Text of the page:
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Kolink is going for miners with its KL-C1500PL. After all, those are the folks buying up all of the high-capacity PSUs right now. The company's cooperation with Enhance Electronics proved to be successful too, since its KL-C1500PL is a fine PSU with an unbeatable value ratio.
In Europe, there are hardly any high-capacity Kolink models available; miners get them before they are even listed on Caseking's site. We're expecting something similar to happen once those same PSUs land in the U.S. Kolink tells us that its PSUs will be available domestically sometime in the second half of 2018, and if it keeps the price of the KL-C1500PL close to $300, then we're pretty sure they'll sell out right away if mining is still popular.
Not all aspects of the KL-C1500PL are perfect, though. This is a budget-oriented product, after all. But lets start with the power supply's advantages before addressing its shortcomings. We already mentioned an attractive price. There's also solid build quality and a +12V rail that performs well to rave about. Moreover, the double ball-bearing fan is ideal for hot environments where FDB/HDB fans prematurely fail. The C20 power inlet is another strength, especially for areas with 115V mains. And a huge number of cables/connectors enables support for multiple graphics cards.
While the KL-C1500PL has many aces up its sleeve, it also suffers a number of drawbacks. One of the worst is its modular panel with identical EPS and PCIe sockets. A builder who is not careful can connect the EPS cable to a PCIe socket, and those cables are not electrically compatible. To make matters worse, the six-pin connector tied to the 24-pin ATX connector can be connected to one of the peripheral sockets. Enhance should pay more attention to the design of its modular panels and fix this problem.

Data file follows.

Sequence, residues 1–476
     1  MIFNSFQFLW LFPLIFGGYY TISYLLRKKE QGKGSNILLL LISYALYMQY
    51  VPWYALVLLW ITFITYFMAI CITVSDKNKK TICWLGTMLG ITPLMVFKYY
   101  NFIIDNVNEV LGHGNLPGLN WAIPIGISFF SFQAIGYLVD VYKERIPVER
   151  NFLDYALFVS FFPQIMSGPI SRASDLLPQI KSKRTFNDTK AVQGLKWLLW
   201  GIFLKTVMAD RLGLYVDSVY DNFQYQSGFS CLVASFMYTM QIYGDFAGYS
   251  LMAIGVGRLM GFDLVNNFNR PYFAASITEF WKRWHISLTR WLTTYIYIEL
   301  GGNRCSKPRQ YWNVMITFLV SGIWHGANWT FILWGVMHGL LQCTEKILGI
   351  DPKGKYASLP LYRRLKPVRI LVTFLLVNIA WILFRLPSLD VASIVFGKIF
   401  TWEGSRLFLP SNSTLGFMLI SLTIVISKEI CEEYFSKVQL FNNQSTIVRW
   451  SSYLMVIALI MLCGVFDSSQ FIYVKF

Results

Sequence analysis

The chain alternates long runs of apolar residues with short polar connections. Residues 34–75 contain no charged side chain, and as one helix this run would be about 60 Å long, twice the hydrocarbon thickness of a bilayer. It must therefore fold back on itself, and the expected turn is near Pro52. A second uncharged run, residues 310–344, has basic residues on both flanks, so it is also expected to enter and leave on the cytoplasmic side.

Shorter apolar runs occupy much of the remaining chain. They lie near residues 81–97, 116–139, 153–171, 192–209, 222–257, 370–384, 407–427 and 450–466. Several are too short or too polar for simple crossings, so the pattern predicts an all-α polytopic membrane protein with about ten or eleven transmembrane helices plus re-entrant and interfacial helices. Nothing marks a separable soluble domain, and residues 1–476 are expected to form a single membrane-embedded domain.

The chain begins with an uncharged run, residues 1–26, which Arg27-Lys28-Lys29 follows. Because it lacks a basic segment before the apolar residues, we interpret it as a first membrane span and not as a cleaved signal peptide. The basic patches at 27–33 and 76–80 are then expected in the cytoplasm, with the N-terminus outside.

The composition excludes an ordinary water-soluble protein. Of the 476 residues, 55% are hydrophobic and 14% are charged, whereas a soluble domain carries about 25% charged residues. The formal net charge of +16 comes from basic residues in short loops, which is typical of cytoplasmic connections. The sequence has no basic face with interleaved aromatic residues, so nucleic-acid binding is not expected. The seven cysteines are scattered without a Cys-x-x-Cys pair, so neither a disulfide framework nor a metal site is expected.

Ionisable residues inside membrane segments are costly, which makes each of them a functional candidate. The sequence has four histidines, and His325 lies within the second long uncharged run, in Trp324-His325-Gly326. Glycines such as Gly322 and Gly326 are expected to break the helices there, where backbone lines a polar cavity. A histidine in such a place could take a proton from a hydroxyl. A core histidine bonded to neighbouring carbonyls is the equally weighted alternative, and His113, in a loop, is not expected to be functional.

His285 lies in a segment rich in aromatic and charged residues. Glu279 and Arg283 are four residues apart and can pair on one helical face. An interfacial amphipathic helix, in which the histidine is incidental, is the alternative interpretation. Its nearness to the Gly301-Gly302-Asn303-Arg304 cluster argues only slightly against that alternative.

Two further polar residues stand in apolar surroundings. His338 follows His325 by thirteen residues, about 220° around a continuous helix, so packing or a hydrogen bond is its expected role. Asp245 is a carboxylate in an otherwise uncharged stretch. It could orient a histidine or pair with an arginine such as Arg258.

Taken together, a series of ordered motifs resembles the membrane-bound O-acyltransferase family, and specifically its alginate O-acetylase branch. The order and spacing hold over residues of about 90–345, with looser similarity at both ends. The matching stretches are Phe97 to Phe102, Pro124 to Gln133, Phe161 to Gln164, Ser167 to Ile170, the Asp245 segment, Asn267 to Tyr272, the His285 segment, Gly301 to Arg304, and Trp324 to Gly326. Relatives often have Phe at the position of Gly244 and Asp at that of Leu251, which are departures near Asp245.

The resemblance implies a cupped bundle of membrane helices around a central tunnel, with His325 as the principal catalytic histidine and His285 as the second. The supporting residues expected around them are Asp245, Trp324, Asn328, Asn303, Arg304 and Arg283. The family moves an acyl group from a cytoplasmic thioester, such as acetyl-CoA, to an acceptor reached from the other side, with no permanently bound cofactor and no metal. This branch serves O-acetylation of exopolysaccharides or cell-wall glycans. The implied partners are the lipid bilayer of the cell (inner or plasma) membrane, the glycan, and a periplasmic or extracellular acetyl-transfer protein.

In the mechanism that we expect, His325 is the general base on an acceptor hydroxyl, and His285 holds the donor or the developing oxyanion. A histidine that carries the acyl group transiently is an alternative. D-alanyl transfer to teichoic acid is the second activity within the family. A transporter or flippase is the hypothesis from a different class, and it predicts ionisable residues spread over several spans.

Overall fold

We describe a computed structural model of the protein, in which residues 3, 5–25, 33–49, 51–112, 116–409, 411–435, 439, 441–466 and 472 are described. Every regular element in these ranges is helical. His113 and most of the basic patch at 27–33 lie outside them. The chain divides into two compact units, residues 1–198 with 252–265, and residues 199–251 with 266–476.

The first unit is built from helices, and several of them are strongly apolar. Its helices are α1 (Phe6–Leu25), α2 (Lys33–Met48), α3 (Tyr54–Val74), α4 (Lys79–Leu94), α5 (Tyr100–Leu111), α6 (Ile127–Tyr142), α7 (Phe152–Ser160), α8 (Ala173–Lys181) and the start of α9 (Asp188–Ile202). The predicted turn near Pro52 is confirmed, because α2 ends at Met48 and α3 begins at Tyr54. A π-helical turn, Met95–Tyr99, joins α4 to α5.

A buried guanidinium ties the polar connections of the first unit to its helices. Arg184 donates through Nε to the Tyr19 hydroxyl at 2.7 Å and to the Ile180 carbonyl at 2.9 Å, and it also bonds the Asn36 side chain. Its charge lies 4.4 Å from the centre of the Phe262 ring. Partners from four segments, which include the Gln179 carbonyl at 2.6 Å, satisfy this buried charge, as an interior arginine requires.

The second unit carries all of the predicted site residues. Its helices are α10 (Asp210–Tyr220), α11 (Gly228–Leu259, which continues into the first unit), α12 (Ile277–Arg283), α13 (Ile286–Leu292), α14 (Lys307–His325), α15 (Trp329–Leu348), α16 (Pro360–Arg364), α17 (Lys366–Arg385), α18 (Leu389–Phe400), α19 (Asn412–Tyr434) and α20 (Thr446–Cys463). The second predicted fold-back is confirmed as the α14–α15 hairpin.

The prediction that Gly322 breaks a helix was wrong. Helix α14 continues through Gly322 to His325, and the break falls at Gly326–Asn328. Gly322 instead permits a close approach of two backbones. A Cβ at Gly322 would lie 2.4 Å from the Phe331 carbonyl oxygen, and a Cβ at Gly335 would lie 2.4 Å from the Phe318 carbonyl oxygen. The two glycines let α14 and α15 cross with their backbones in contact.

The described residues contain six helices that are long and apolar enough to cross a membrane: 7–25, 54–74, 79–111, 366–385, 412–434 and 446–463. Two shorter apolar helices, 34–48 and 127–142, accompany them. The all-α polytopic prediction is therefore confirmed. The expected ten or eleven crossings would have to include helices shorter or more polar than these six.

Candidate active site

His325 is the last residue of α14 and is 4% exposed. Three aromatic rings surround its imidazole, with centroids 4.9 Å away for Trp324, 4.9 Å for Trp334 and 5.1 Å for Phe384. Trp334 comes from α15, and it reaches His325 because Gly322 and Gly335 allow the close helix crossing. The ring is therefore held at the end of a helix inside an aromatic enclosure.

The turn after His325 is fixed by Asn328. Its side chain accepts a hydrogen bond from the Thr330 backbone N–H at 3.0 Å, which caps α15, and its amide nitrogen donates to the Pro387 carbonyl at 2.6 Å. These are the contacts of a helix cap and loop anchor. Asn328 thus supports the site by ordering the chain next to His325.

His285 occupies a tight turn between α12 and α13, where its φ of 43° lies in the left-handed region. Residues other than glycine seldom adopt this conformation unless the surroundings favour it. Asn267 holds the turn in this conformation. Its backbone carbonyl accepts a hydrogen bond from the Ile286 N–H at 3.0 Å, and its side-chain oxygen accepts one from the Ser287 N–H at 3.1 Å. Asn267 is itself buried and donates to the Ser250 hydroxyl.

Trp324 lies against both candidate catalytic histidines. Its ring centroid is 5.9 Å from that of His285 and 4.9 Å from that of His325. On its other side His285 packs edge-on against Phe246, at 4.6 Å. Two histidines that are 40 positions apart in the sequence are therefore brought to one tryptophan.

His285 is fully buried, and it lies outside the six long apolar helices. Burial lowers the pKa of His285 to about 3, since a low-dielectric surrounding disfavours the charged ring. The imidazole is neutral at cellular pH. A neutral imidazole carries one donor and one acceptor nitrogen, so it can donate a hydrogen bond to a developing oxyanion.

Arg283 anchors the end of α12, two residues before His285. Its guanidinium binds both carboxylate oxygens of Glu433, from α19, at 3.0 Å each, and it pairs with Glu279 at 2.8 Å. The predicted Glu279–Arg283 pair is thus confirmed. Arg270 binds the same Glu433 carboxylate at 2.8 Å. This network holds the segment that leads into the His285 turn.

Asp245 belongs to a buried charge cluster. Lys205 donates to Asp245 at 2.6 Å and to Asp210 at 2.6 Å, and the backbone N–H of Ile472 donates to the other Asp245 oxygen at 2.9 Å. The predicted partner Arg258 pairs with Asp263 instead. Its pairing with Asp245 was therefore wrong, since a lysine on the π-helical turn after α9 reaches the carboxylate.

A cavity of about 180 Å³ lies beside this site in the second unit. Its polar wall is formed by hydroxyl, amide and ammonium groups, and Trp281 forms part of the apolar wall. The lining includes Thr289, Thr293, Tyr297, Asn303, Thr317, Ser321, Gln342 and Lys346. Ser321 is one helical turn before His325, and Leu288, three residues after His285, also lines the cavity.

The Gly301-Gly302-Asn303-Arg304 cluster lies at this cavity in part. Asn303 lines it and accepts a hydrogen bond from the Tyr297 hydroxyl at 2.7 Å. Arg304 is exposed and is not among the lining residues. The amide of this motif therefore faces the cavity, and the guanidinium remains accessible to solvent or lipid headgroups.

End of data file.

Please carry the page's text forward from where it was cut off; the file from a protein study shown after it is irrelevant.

Other downsides of the KL-C1500PL include increased noise due to an aggressive fan profile, no power switch, a lower-than-17ms hold-up time, and, for some, boring looks. As far as the power switch goes, Kolink claims that its absence helps improve the PSU's airflow and cut down on RMA rates (since OEMs often use cheap switches that cause trouble in high-capacity power supplies). In our opinion, the airflow argument is shaky, but Kolink may have a point about cheap switches. Still, we believe that a switch is essential on every PSU since it provides an extra safety layer.
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Disclaimer: Aris Mpitziopoulos is Tom's Hardware's PSU reviewer. He is also the Chief Testing Engineer of Cybenetics, and developed the Cybenetics certification methodologies apart from his role on Tom's Hardware. Neither Tom's Hardware nor its parent company, Purch Media, are financially involved with Cybenetics. Aris does not perform the actual certifications for Cybenetics.
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Aris Mpitziopoulos is a Contributing Editor at Tom's Hardware US, covering PSUs.
"The problem we see is that all eight-pin connectors have the same pattern, making it possible to accidentally connect an EPS cable to a PCIe socket and vice versa." Well I had a fully modular PSU in past and you can't connect eight pin of EPS to PCIe because the sockets may look same but they're not. If you look closer on top left two sockets of black and blue eight pins the notches are not same so you can't connect it. But if you tried and connect it it's a problem of course.Reply